Academy helps Hong Kong musical talent take to wider stage
Ensemble enables graduates to continue performing at a high level and learn there is more to the arts than meets the eye
An ensemble is giving those with surplus musical talent in the city a chance to also show their skills in other directions.
Seventeen members of Philharmonia APA (Papa), formed by alumni of the Hong Kong Academy for Performing Arts, held their inaugural concert on Friday to raise funds for a three-year plan, which will include a tour to Vienna in April.
“Our graduates are excellent but the music industry cannot absorb all of them. So they go teaching and after a few years they can’t play anymore. Their talent is wasted,” Sharon Choa, dean of music at the academy since 2014, said.
“With Papa, there’s hope our graduates will have a guaranteed platform to continue performing at a high level and do things they have fuller control over, because we want them to manage themselves as we trust their artistic integrity,” she added, referring to the group’s self-governing committee.
One of the four committee members, clarinettist Stephanie Ng Lai-man, said her job to “bridge” the musicians with the academy opened her to a deeper side of the performing arts.
“I would not have known all those operational issues if I had just performed,” said the 2011 graduate, who is now a doctoral candidate at the Manhattan School of Music, New York.
The Soldier’s Tale by Igor Stravinsky, the major work at the inaugural concert, was a case in point.
“There are many versions of the masterpiece, but we tried to produce it in our own way to highlight the multidisciplinary strength of the academy aside from music,” she said.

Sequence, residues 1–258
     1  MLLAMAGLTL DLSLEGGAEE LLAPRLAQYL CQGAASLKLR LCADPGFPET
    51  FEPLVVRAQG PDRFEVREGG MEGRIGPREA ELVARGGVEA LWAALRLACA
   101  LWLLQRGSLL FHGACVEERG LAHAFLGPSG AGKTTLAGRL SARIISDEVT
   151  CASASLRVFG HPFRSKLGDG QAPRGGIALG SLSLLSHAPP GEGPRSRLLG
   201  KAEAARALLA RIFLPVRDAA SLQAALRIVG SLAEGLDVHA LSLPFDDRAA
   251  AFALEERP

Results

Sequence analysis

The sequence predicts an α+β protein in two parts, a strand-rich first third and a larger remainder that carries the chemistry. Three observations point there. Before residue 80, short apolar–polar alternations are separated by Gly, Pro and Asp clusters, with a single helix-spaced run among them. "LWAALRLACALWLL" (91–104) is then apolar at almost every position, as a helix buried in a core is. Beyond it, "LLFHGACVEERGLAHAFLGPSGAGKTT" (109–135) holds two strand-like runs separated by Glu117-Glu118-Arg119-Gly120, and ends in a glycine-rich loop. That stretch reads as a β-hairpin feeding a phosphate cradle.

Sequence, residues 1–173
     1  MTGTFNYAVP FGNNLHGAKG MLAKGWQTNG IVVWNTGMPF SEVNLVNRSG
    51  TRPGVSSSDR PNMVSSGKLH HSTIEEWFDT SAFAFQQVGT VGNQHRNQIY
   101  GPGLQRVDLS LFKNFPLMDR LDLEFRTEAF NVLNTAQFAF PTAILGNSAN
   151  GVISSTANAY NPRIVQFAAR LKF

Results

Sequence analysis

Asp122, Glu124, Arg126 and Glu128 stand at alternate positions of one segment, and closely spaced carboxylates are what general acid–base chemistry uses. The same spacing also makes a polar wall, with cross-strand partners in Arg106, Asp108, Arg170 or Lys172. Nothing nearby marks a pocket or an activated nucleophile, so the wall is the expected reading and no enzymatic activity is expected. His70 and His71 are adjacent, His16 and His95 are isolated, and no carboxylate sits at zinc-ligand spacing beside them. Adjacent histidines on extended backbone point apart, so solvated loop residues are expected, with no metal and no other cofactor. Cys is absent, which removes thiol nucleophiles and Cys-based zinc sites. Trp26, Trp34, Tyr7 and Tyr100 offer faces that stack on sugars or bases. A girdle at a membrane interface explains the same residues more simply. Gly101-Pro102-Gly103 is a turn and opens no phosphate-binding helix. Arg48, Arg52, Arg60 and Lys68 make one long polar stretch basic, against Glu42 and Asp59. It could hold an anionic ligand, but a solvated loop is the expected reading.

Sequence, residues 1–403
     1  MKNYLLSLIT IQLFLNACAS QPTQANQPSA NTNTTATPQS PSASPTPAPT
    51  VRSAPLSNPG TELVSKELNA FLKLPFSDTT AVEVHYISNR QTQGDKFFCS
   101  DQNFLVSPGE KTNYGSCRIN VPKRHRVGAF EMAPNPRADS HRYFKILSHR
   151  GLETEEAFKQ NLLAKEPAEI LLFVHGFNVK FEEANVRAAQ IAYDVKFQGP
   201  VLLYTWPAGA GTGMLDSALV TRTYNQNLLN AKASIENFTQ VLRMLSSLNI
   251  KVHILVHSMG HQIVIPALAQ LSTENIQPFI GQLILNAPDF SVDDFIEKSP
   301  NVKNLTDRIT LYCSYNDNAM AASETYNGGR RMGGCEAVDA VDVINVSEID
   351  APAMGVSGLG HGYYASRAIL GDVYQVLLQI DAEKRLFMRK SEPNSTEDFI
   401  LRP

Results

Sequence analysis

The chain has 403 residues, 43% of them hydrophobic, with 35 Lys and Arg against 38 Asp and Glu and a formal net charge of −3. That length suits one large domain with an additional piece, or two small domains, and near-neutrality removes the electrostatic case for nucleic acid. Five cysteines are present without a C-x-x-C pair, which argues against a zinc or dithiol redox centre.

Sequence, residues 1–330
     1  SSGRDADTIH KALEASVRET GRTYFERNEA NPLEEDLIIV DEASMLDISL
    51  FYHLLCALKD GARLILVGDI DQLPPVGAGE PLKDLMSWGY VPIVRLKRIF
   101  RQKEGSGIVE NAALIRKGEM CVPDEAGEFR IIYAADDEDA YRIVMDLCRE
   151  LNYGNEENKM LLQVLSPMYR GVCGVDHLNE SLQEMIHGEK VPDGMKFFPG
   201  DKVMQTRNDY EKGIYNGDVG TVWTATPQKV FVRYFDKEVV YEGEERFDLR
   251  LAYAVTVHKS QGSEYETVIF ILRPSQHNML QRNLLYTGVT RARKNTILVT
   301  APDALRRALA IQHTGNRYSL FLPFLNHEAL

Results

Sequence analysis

The committee tapped artists from other faculties and there were many to choose from, such as Lan Chun-chun from the School of Drama, who translated and narrated. The technical department also assisted with lighting effects.
To embrace non-performing talents, a composer graduate was commissioned to write a new work for the concert under the theme “overseas adventure”, which applied to many alumni.
“I wrote my piece, A Chinese in London based on An American in Paris by George Gershwin that opened the concert,” said Austin Leung Hin-yan, a 2016 graduate and now a student at the Royal Academy of Music in London.
“I wrote passages to show off the virtuosity of the alumni, including a cadenza for pianist Colleen Lee Ka-ling, whose portrait I placed on the piano during composing to help me focus,” he laughed.
The work of Leung, which featured a superb interweaving of Chinese melodies with those of Edward Elgar, received a rapturous applause and may tour with Papa to Austria in April if funding targets are met.
“The tour would send an important message that music in Hong Kong is at an international level and our young musicians are coming up and may well be the next generation of top artists,” Choa said.